At the beginning of 2017, when he was interrogated by the FBI, Joseph Mifsud confirmed that he knew Mr Papadopoulos and had introduced him into Moscow circles, but denied having spoken to him about emails, espionage, cybersecurity or other controversial issues. In an interview with Repubblica in November 2017, the teacher denied that he had spoken to Mr Papadopoulos about Hillary Clinton’s compromising material: “All I did was facilitate contacts between official and unofficial sources to resolve a crisis. It is usual business everywhere. I put think-tanks in contact, groups of experts with other groups of experts.” Yet his name came up several times during the House Intelligence Committee hearings by former “Russiagate” Special Counsel Robert Mueller, and Republicans are increasingly convinced that the Link professor is a key figure.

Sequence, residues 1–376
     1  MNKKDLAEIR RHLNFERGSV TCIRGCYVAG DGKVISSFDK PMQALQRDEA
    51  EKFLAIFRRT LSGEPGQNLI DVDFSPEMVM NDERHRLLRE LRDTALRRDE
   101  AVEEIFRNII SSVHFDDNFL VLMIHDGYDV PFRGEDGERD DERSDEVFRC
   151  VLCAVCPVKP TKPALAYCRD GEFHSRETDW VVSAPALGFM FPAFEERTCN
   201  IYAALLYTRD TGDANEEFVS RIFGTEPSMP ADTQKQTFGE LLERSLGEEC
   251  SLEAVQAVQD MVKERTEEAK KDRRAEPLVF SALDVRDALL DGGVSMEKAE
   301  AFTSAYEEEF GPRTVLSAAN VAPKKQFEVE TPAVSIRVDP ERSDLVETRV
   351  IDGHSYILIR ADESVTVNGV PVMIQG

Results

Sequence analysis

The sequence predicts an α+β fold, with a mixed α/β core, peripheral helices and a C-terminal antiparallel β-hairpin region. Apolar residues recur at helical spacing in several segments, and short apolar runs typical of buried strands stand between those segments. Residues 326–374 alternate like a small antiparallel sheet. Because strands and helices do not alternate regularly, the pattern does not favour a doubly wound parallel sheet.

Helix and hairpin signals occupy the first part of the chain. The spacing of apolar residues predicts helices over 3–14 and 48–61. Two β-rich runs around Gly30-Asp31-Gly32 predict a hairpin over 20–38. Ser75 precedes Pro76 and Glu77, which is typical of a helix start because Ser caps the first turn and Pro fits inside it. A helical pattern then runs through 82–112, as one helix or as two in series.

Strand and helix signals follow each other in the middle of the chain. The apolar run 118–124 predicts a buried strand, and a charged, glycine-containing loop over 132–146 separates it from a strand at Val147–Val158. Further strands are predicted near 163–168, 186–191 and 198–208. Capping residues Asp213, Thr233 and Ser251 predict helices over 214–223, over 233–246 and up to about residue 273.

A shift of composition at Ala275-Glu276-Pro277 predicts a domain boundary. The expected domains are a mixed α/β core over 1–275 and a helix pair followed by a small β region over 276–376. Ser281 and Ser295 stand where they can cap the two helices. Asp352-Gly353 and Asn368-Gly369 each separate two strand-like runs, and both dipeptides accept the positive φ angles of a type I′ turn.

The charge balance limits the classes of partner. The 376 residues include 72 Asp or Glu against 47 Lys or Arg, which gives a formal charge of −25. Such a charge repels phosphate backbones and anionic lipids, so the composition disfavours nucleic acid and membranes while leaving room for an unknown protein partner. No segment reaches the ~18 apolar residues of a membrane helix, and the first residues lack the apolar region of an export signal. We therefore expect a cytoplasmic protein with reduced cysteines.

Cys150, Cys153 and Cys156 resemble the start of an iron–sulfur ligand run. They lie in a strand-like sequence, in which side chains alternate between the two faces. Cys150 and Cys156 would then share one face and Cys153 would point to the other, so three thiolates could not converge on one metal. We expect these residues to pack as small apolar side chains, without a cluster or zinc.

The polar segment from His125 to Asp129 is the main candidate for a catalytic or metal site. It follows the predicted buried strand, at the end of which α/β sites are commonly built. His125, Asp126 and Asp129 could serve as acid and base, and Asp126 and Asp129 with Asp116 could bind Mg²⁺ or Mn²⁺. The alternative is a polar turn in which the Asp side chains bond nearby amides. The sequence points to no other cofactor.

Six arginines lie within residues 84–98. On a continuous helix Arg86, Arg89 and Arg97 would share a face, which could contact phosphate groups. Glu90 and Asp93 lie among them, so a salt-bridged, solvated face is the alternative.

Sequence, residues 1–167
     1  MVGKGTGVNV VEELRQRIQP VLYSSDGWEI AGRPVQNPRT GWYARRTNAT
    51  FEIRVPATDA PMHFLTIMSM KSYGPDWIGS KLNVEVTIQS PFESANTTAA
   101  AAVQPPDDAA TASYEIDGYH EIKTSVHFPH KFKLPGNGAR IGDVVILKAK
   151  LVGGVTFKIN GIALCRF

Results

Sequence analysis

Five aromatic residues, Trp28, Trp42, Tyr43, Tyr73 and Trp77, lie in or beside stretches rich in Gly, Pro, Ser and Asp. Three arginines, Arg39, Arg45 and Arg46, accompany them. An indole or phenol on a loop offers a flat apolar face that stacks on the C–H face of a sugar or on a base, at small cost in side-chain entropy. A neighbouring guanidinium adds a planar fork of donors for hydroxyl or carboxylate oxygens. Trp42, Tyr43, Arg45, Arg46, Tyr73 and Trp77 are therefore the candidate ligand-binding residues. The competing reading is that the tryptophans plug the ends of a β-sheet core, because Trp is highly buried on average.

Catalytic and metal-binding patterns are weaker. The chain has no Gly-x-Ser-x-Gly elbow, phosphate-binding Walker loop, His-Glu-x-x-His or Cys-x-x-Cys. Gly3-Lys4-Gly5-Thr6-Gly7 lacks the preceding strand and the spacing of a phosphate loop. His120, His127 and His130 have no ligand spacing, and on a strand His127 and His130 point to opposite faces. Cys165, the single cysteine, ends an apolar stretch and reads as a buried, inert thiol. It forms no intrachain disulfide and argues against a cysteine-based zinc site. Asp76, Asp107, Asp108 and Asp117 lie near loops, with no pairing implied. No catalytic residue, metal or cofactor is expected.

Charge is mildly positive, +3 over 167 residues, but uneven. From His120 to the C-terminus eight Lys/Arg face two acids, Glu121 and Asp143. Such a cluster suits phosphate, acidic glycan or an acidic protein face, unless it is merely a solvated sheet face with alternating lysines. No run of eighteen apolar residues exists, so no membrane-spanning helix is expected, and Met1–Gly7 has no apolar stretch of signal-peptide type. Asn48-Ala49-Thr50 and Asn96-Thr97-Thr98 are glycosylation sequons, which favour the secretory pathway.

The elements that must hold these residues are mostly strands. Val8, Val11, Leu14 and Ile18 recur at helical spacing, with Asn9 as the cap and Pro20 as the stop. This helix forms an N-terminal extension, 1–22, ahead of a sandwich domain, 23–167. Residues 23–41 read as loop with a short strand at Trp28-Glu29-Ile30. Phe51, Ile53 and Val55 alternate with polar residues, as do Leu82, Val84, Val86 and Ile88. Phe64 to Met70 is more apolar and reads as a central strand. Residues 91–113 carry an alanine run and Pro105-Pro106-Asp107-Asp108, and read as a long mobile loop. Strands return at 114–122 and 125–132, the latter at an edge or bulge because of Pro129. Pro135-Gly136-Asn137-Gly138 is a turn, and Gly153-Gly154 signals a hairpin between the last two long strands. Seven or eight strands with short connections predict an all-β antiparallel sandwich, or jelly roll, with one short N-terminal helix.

In his final report, former Russiagate special counsel Robert Mueller names Joseph Mifsud 18 times, suggesting that the professor is a Russian agent, and reports that when he was interrogated by the FBI in February 2017, Mr Mifsud denied having said anything to Mr Papadopoulos about Mrs Clinton’s emails. However, the name of the Maltese professor was repeatedly mentioned by Representative Jim Jordan during Mr Mueller’s House Intelligence Committee hearing. “The mysterious professor who lives in Rome and London… this is the guy who told Papadopoulos. He is the guy who starts it all, and when the FBI interviews him, he lies three times and yet you don’t charge him with a crime,” stressed Representative Jordan to Mr Mueller, who did not respond. “Is Mifsud Western intelligence or Russian intelligence?” asked Mr Jordan, who again received no comment from Mr Mueller.